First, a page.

Lower CD4 counts linked with higher cancer risks in people living with HIV in South Africa
A report in Clinical Infectious Diseases has said that immune suppression is linked with an increased risk of numerous cancers amongst people living with HIV, according to data collected and analysed in South Africa.
The study’s authors found links between a low CD4 count and increased risk of non-Hodgkin lymphoma, Kaposi’s sarcoma (KS) and HPV related cancers such as cervical cancer.
Over 3.5 million South Africans living with HIV took part in the study. Of these 15,078 were diagnosed with cancer.
The five most common infection related cancers were:
- Cervical cancer – 4,150 cases
- Kaposi’s sarcoma – 1,262 cases
- Non-Hodgkin lymphoma – 1,060 cases
- All HPV related cancers – 692 cases
- Conjunctival (eye) cancers – 604 cases
The study also recorded 5,182 cancer diagnoses that could not be linked to an infection. The five most common were:
- Breast cancer – 1,873 cases
- Prostate cancer – 440 cases
- Lung cancer – 415 cases
- Colorectal cancer – 384 cases
- Oesophageal cancer – 370 cases
The data was taking from the South African HIV Cancer Match (SAM) cohort, which aimed to link cancer and HIV records together. Any person living with HIV who had at least one CD4 count and a year of follow up was eligible for inclusion. The data used was drawn from 2004 to 2014.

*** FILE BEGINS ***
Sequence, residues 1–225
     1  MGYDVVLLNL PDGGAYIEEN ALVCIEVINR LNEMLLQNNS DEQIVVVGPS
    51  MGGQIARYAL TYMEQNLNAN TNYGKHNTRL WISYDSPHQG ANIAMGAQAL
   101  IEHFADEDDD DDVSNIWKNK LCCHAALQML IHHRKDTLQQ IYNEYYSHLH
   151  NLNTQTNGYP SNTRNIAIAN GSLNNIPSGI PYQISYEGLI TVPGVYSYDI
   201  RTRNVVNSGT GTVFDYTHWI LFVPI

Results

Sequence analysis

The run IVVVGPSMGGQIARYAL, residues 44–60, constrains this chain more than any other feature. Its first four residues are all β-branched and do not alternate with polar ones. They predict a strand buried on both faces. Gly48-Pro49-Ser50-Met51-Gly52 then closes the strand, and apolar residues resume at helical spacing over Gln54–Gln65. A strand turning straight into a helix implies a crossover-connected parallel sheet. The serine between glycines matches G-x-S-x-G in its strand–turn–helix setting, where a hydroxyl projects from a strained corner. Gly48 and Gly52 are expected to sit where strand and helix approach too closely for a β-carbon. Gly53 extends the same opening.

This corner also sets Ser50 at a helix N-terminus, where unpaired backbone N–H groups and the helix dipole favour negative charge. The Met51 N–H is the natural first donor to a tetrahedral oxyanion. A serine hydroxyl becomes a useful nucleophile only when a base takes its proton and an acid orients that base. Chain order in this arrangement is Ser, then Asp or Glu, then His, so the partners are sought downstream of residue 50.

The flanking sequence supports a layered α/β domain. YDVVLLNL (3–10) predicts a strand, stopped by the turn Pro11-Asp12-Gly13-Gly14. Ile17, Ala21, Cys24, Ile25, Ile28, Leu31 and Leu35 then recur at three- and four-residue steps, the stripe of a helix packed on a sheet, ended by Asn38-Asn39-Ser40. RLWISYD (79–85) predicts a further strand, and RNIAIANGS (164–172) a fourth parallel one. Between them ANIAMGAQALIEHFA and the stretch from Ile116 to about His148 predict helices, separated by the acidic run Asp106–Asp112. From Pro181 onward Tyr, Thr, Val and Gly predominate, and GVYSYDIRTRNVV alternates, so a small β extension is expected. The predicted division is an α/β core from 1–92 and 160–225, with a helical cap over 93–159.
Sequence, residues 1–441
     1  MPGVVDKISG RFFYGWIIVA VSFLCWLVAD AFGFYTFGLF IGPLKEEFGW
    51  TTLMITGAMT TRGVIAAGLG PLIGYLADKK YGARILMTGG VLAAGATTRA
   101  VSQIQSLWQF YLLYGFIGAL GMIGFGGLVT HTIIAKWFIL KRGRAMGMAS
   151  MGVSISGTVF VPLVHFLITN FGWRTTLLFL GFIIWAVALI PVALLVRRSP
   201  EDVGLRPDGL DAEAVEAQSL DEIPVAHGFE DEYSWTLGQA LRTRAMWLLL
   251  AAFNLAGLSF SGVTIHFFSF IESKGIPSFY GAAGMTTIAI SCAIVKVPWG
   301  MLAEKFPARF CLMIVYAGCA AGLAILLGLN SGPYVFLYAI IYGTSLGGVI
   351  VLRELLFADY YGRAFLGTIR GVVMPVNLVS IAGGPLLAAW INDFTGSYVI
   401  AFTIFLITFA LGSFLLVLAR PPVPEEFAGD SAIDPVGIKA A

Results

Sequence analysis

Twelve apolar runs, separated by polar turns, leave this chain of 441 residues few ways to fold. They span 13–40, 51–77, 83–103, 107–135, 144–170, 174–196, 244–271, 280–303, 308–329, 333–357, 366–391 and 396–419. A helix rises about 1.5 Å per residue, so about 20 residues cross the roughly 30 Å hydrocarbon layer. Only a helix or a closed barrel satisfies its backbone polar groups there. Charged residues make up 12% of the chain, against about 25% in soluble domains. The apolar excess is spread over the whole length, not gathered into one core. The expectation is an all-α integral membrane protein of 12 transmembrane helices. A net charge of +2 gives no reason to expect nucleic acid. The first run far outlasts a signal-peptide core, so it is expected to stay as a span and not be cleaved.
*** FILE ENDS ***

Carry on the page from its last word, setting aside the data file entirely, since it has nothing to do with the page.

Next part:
When analysing the relationship between CD4 count and prevalence of these cancers the researchers found a statistically strong link between immune suppression and the likelihood of developing these cancers.
Each CD4 count reduction by 100 cells increased the risk of Kaposi’s sarcoma by 23% (95% CI, 1.2-1.26); non-Hodgkin lymphoma by 18% (95% CI, 1.14-1.22); and cervical cancer by 7% (95% CI, 1.06-1.09).
The authors found no link between immune suppression and several non-infection linked cancers such as breast, lung and prostate.
The study’s authors conclude by writing “Lower CD4 cell counts were associated with an increased risk of developing various infection-related cancers among PLWH. Reducing HIV-induced immunodeficiency may be a potent cancer prevention strategy among PLWH in sub-Saharan Africa, a region heavily burdened by cancers attributable to infections.”